A professional-quality home recording studio for under $275 USD

A few people have asked me to share how I’m recording audio. 

Before I became a mindfulness meditation teacher, I trained and worked as an actor, so have a little experience in working with voice and recording professionally at home.

Please note, this information refers to recording for spoken voice and podcast only.


No matter how much money you spend, if external noise is leaking in, this will disrupt recording.

How to create a simple DIY soundproof environment at home?

1. Create a sound screen in front of you like the green one I made (see image). This is soundproofing material glued to a folding wooden screen. I made it myself for less than $50.

An alternative DIY-sound screen can be made with a clothes drier and a thick blanket or duvet! (see image).

2. Deaden sounds from behind by sitting with your back to an open closet full of clothes (see image).

3. Close all doors and windows, and record when it is not raining heavily. 

4. Pause recording when unavoidable sounds intrude.

I used to live right next to the train station (honestly!) and I could still make excellent recordings. I would listen out for trains and pause during the arrival and departure of each train. No amount of soundproofing or editing could get rid of this. 

You’ll also find things like birds or animals jumping on the roof are uncontrollable, so listen out and just pause ’til it’s over.

This can be an excellent mindfulness practice in itself.



No matter how well-equipped your studio is, your recording quality can only be as good as your voice.

It can help to warm up your voice and speech properly before recording.

How to do this? Voice coaching or singing lessons can really help, and a voice professional can show you a range of exercises suited for your voice.

My warm up routine consists of: 

1. Breathing exercises, although a breath meditation using abdominal breathing is pretty much as good.

2. Singing in the shower, and doing scales through the whole vocal range. 

3. Doing a facial massage, exercises for the lips and tongue and tongue twisters.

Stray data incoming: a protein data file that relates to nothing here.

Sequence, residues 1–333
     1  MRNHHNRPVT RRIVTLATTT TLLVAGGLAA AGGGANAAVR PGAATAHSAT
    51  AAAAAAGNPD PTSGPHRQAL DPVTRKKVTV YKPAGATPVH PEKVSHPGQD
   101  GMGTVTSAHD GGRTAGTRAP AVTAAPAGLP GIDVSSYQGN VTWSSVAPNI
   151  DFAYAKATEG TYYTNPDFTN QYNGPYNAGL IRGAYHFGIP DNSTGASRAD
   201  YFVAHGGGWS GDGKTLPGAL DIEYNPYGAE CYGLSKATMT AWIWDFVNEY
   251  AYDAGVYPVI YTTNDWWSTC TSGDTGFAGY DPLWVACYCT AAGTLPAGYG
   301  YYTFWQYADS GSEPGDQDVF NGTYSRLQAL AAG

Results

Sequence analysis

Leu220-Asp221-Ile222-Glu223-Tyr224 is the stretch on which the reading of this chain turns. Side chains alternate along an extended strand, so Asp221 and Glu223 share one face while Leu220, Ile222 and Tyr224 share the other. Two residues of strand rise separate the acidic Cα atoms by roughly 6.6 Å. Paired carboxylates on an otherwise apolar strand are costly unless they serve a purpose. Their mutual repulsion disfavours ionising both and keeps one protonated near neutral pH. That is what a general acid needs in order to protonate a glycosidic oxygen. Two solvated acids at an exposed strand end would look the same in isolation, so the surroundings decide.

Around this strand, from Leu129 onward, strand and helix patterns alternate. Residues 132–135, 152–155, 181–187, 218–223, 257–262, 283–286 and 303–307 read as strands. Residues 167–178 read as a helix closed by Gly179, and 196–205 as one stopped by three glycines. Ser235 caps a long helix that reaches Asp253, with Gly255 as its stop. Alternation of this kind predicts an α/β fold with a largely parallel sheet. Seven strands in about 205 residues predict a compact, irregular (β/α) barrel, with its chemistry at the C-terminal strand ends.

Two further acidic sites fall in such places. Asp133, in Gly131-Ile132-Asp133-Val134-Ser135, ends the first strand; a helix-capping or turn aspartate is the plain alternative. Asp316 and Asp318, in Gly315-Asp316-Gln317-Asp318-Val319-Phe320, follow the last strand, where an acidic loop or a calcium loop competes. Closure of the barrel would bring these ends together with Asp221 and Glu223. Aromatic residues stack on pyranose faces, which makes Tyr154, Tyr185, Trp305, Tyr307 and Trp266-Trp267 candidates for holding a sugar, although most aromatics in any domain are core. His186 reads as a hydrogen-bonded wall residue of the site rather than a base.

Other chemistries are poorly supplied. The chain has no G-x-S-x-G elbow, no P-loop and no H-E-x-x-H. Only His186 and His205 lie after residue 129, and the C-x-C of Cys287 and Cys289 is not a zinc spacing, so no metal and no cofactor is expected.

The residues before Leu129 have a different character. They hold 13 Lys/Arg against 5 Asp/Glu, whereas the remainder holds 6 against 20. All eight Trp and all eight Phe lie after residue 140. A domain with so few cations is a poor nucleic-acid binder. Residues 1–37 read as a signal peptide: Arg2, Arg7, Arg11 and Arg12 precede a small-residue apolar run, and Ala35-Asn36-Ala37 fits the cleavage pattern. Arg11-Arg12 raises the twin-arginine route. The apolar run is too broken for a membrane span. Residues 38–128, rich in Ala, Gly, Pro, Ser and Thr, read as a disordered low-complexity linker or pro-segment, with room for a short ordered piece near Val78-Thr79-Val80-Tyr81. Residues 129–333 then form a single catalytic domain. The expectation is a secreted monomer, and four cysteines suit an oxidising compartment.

4. Reading several pages of text aloud, using the high, middle and low parts of my vocal register.

This takes me about 20 minutes in total.



1. In all pictures above, you’ll see a pop screen. This is the black circular thing in front of the mic. These can be bought off Ebay for $15 or less. They are used in professional studios to block excess air from the ‘popping’ sounds made by your lips like ‘p’, ’s’, ‘b’.

2. Get a studio quality uni-directional mic. I use an Apogee Mic plugged straight into my Macbook. The Apogee Mic also comes with a cable to plug direct into iPhone. An Apogee Mic costs around $200 USD.

Charge your computer fully before you record. Why? Charging during recording can create unwanted electrical background hiss. This cannot be removed from recordings during editing.

A mic stand can be helpful, I just use the small one that came with the Apogee and rest it on some books.

3. If you’re looking to use editing software, Garageband on iPhone or Mac is really simple and free when you purchase the hardware. Another great free software for computer (not so user friendly, I find) is Audacity

Why uni-directional? It will only pick up the sounds coming from one direction. 






One Direction. Get it?

…sorry, couldn’t resist that one!!!

Happy recording, Everyone.

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